Infertility, miscarriage and stillbirth ‘linked to an increased risk of stroke’, study says

Infertility, miscarriage and stillbirth have been linked to an increased risk of stroke in a new study.

Experts examined global data and found women who had had three miscarriages or more appeared to have a 35 per cent increased risk of non-fatal stroke, or one resulting in death.

One miscarriage was linked to a 7 per cent increased risk of non-fatal stroke, while two was linked to a 12 per cent increased risk.

For fatal stroke, women with one miscarriage had an 8 per cent increased risk, two was linked to a 26 per cent increased risk and three was linked to an 82 per cent increased risk.

A woman dealing with miscarriage concerns sits on a hospital bed

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The study also found women who had suffered stillbirth were at 31 per cent higher risk of a non-fatal stroke and 7 per cent increased risk of fatal stroke.

Researchers suggested possible reasons for the findings, including the link between infertility and increased stroke risk may be due to conditions such as polycystic ovary syndrome (PCOS) and premature ovarian insufficiency (POI).

A narrowing of the heart’s blood vessels may also explain the increased risk of stroke for women with a history of recurrent stillbirth or miscarriage.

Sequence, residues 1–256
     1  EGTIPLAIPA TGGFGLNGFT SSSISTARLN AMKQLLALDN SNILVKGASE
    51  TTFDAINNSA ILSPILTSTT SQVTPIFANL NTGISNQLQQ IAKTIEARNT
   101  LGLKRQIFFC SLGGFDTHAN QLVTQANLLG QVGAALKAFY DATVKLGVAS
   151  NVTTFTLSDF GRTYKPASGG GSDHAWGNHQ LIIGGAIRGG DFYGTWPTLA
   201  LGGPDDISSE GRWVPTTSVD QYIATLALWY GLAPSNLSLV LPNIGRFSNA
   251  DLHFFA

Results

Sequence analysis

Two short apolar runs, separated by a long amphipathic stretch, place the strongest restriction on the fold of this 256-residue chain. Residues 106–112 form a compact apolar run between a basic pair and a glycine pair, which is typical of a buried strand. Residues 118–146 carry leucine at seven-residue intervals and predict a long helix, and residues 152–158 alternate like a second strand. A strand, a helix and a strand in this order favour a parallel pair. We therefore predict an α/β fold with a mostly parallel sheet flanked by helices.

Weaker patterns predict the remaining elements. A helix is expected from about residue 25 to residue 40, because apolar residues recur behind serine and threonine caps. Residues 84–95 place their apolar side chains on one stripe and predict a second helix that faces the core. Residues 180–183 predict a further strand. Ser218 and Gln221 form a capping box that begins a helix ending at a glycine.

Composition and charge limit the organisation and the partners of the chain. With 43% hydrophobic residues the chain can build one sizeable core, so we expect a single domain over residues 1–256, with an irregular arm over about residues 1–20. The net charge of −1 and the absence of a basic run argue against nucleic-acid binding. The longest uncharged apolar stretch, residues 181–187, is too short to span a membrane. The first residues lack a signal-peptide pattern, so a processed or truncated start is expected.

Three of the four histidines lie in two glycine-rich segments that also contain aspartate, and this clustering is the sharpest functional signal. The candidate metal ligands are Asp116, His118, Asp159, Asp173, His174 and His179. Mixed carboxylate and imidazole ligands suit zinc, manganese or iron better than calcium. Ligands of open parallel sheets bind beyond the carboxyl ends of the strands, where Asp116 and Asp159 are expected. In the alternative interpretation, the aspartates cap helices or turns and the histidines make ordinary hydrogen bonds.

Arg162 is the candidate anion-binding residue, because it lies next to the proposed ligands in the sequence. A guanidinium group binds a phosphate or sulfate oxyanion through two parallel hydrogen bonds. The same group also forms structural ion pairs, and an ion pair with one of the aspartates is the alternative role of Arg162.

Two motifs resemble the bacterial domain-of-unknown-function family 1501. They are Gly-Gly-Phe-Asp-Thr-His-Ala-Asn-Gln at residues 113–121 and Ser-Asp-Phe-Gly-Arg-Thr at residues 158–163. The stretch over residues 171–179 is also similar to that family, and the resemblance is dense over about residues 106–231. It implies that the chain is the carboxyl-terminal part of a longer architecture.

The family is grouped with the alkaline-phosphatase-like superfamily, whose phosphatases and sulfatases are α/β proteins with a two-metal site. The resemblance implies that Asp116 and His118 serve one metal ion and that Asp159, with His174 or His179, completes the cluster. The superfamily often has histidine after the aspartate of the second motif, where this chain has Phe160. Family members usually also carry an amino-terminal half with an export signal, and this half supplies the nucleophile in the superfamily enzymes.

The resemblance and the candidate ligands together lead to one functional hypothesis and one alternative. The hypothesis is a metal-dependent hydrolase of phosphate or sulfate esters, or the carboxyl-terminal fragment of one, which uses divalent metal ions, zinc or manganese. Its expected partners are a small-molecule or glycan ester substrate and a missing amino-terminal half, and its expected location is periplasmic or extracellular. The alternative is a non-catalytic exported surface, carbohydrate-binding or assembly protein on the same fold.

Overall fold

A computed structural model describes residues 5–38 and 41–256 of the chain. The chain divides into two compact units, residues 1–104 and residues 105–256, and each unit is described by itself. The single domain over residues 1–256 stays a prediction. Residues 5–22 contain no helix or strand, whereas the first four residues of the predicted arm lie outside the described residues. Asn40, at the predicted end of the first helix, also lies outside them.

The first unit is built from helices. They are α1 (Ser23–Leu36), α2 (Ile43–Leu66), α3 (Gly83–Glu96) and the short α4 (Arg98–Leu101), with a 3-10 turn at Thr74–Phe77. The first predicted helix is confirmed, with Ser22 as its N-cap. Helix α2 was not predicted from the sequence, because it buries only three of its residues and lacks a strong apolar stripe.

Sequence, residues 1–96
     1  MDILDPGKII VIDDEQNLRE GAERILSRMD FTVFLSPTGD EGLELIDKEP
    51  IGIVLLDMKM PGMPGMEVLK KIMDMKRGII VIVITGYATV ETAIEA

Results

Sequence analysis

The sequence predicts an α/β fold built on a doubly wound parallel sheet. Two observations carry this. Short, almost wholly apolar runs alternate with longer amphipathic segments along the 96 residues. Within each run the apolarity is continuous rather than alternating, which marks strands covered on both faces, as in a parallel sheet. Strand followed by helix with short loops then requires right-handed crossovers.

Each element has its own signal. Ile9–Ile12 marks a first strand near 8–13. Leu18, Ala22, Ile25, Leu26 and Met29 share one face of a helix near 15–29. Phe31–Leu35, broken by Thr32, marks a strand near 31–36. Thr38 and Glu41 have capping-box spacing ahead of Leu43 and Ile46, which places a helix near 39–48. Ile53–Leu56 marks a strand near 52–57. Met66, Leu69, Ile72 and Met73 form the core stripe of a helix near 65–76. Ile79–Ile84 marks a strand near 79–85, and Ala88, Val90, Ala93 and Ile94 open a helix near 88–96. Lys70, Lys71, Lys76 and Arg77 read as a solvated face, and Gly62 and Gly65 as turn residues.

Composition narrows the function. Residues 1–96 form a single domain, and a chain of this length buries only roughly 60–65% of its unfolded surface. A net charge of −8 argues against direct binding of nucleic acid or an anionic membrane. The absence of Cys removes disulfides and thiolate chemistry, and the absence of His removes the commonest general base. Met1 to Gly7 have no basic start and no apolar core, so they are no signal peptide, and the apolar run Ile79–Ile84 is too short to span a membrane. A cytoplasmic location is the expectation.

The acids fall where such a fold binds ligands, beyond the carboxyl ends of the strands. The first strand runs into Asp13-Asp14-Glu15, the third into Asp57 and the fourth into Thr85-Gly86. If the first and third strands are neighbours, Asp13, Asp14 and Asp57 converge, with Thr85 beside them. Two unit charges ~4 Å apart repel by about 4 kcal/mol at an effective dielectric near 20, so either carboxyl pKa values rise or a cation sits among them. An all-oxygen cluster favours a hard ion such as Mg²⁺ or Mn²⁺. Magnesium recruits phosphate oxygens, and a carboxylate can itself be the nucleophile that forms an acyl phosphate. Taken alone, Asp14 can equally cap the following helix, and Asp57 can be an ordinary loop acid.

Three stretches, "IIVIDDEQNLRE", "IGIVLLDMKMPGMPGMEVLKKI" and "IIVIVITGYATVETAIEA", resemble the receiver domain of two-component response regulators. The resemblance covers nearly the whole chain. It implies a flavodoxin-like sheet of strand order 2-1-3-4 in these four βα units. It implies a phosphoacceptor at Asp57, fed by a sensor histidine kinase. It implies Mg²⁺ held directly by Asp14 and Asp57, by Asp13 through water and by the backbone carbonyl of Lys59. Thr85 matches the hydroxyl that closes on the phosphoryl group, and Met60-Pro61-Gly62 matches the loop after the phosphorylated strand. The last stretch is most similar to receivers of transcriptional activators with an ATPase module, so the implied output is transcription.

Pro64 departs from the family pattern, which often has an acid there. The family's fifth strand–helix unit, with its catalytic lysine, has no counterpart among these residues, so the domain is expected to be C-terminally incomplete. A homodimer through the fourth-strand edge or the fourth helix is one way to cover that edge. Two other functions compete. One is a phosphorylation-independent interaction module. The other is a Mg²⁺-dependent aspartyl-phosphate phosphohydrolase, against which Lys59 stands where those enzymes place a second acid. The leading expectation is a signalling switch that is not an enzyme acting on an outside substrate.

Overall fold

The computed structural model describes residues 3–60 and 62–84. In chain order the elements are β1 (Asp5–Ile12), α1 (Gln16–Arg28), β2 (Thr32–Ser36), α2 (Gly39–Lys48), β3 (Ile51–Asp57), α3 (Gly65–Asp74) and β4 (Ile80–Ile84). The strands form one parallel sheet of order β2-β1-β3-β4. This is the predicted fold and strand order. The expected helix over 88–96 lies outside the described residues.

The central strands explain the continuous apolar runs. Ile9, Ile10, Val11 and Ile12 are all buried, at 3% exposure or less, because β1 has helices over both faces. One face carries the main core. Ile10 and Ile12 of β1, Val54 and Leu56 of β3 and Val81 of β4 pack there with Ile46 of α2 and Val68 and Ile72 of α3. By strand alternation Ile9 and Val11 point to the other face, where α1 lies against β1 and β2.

However, the team also said unhealthy lifestyles contribute to stroke risk, as they called for more research into the area.

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Recurrent stillbirth was linked to a 26 per cent higher risk of fatal stroke in the study.

Infertility was also linked to a 14 per cent higher risk of non-fatal stroke compared to women who were fertile.

Writing in the British Medical Journal (BMJ), the experts, including from the University of Queensland in Australia and University College London, concluded: “A history of recurrent miscarriages and death or loss of a baby before or during birth could be considered a female-specific risk factor for stroke, with differences in risk according to stroke subtypes.

“These findings could contribute to improved monitoring and stroke prevention for women with such a history.”

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For the study, the team looked at eight lots of research carried out in Australia, China, Japan, the Netherlands, Sweden, the United Kingdom and the US.

Overall, more than 600,000 women aged 32 to 73 at the start of the study were included, of which 9,265 experienced a first non-fatal stroke (2.8 per cent), typically aged 62, and 4,003 (0.7 per cent) experienced a fatal stroke, typically aged 71.

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